Old Dogs

MPAA Rating: PG

Entertainment: +2

Content: +2

John Travolta, Robin Williams, Kelly Preston, Lori Loughlin. Family comedy. Written by David Diamond, David Weissmann. Directed by Walt Becker.

FILM SYNOPSIS: Two best friends, savvy in business, but not parenthood, have their lives turned upside down when they must suddenly take charge of two 7-year-olds. The Williams character has been unlucky in love. Suddenly divorced, his buddy takes him to Las Vegas to get his mind off the ordeal. There he gets drunk and marries a woman he just met. He discovers seven years later that he became a father that night, despite an annulment the following day. Now the woman shows up (he still has feelings for her), and she asks him to baby-sit for two weeks while she is incarcerated for political activism.

Wouldn’t you just know, our heroes accept the charge of the two youngsters during the very week when they need to concentrate on a $40-million deal. On top of that, neither of these bachelors is suited to fatherhood. Well, not yet.

PREVIEW REVIEW: If I were to give you a lengthy description of the premise and chronicle the sight gags, you couldn’t help but roll your eyes and continue to repeat the word, lame. My worries began when I noticed the never-ceasing manipulative background music. This kind of jauntily skipping over the scales style of musical scoring is desperately used by filmmakers when they suddenly realize in the editing room that they need help making their comedy funny.

Then we get the two delightful kids who are supposed to tug at your heartstrings. Alas, these two wafts are probably more delightful in their parents eyes than anyone else’s. The filmmakers, and the kids’ parents are hoping audiences will go all gooey every time they stare plaintively at their blockheaded father. Like most “family” films, kids are used to give depth to the proceedings despite the fact that not much going on could be equated with reality.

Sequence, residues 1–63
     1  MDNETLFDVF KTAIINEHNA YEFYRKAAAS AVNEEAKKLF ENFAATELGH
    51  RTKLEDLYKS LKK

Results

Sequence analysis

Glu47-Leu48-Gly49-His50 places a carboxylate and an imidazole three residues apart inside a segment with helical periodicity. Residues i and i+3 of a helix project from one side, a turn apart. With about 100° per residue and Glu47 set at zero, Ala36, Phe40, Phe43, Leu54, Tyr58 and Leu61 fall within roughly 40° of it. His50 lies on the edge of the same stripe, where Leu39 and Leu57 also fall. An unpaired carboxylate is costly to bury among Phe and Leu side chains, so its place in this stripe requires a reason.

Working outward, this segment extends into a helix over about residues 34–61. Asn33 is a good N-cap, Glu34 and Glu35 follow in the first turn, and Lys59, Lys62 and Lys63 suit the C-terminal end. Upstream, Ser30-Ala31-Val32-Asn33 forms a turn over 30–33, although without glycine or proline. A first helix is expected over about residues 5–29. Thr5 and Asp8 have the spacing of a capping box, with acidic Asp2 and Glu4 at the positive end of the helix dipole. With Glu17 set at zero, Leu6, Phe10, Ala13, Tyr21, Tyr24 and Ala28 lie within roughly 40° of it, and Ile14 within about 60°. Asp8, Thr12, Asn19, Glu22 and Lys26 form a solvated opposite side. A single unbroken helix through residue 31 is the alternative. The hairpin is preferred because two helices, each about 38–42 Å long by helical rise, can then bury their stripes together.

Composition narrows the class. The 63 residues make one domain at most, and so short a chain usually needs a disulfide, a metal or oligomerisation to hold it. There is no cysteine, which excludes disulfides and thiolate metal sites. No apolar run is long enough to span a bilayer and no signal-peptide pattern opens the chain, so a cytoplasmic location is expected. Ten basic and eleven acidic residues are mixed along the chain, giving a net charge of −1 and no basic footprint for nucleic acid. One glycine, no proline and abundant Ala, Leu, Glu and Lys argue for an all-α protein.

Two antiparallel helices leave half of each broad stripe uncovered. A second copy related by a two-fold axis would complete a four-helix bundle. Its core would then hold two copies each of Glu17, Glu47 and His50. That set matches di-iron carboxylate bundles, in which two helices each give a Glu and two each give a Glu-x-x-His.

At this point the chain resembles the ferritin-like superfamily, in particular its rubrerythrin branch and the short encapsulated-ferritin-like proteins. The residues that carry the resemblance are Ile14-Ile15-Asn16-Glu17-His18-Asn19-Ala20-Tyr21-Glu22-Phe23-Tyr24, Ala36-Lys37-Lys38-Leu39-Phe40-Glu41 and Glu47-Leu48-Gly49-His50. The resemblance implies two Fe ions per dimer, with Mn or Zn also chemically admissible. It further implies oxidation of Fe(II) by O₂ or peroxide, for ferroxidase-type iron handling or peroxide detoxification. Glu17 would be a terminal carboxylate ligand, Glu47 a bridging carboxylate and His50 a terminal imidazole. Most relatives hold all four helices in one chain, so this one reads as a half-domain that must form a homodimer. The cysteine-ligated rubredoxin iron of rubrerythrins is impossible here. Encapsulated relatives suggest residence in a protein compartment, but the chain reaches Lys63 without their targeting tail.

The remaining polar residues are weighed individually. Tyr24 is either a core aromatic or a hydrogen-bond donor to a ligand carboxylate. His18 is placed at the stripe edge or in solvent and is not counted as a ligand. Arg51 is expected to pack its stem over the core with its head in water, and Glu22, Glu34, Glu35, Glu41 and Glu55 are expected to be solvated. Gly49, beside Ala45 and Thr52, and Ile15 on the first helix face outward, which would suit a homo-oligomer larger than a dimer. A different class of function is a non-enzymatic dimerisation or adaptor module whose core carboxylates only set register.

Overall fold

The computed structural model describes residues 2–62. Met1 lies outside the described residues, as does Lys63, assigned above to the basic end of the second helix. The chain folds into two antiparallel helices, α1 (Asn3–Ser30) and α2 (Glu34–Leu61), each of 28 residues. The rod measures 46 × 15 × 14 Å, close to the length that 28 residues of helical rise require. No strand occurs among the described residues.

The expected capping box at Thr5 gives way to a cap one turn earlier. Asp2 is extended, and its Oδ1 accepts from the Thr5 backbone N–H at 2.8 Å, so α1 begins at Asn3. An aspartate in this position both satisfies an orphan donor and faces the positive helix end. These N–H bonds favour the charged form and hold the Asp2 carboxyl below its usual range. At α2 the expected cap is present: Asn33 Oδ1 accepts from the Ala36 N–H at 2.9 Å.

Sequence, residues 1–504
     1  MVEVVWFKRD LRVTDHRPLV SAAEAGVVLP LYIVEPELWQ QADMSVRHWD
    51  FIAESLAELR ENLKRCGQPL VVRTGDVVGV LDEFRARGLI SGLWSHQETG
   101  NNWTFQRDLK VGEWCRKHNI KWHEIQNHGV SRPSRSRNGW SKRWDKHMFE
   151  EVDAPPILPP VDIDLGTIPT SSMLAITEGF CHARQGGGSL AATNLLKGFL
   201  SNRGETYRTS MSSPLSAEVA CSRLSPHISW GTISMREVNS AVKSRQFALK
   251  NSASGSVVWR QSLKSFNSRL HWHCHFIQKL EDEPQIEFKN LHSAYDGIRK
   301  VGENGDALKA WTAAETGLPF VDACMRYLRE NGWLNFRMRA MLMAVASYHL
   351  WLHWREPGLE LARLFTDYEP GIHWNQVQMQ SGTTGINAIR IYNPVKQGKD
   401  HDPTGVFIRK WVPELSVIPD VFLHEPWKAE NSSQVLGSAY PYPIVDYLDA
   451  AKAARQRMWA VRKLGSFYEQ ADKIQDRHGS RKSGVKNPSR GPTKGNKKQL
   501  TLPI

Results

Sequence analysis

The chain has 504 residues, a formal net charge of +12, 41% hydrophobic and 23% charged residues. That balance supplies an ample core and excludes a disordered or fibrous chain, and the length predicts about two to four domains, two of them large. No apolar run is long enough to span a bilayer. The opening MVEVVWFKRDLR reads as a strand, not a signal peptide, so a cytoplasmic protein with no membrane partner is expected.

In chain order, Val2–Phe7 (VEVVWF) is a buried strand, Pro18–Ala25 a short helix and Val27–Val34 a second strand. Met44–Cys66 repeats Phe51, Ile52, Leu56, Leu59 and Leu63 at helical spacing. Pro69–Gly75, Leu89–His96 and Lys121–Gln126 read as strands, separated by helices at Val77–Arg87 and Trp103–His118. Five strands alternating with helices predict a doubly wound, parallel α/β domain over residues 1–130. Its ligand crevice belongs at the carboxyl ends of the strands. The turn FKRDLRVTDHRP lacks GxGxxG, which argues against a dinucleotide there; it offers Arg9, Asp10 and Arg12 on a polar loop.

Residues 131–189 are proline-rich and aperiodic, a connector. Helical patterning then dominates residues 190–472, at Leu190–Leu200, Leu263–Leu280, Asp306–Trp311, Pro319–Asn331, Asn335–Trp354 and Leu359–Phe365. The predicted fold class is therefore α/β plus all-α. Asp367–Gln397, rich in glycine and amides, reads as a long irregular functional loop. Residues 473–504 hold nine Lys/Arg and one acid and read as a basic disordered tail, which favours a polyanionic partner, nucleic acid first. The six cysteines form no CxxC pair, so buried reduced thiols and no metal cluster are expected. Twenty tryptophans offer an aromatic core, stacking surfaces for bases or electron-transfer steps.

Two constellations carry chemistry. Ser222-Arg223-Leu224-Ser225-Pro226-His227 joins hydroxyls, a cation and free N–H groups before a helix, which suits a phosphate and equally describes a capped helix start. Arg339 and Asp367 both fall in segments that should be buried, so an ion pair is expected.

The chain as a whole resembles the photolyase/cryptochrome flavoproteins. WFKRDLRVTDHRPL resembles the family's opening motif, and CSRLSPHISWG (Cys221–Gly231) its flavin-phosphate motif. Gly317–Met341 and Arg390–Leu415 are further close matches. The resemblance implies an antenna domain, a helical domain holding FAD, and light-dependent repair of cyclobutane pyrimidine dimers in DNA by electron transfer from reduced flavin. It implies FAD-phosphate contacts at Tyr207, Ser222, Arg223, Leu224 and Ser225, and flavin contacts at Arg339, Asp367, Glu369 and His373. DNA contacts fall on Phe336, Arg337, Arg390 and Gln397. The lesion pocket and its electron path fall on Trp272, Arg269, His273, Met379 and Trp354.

And what is the film’s premise? Dads put too much emphasis on their work. That’s lame because it’s hackneyed, having been done to death. What’s more, I’m not sure how sound that premise is. Are we to expect any father must skip a $40-million deal in order to celebrate a birthday at the zoo? Couldn’t they celebrate the birthday a day later, allowing Dad to close the deal? I guess I wouldn’t be such a good father. You see, I’d take the meeting, then buy the kids their own zoo!

By now you have come to the conclusion that I did not like this film. I have a surprise. I laughed – a lot. Travolta and Williams rise above this lame, hackneyed, done-to-death material and bring comic dimension to the story. Some sitcom routines don’t quite work, but there are enough funny moments that erase, for a while at least, the memory of the saccharine music and the sugar-and-spice kiddies.

A few times in the story, the two men are mistaken as gay. These misunderstandings are played for laughs, but I thought these moments were inappropriate for the otherwise kid-friendly film. It’s the type of movie that replaces the term, “Oh my God,” with “Oh my gosh,” so why include such sexually suggestive material?

Preview Reviewer: Phil Boatwright
Walt Disney Distribution

The following categories contain objective listings of film content which contribute to the subjective numeric Content ratings posted to the left and on the Home page.

Crude Language: A couple of muted sexual innuendos; some kid-pleasing humor that includes flatulence jokes and hits to the groin.

Obscene Language: I caught none

Profanity: None

Violence: Some slapstick, including a man hit in the groin with a golf ball.

Sex: Though there are no sexual situations, it is implied that while drunk in Las Vegas, a man slept with a woman he just met; from that irresponsible moment, he became a parent.

Nudity: None

Sexual Dialogue/Gesture: A few suggestive sexual comments that may or may not go over the heads of little ones.

Drugs: The two men get drunk in Vegas; later they take pills for their ailments, but the drugs get switched and they have negative affects on the two leads – this is played for laughs.

Other: None

Running Time: 90 minutes
Intended Audience: Family

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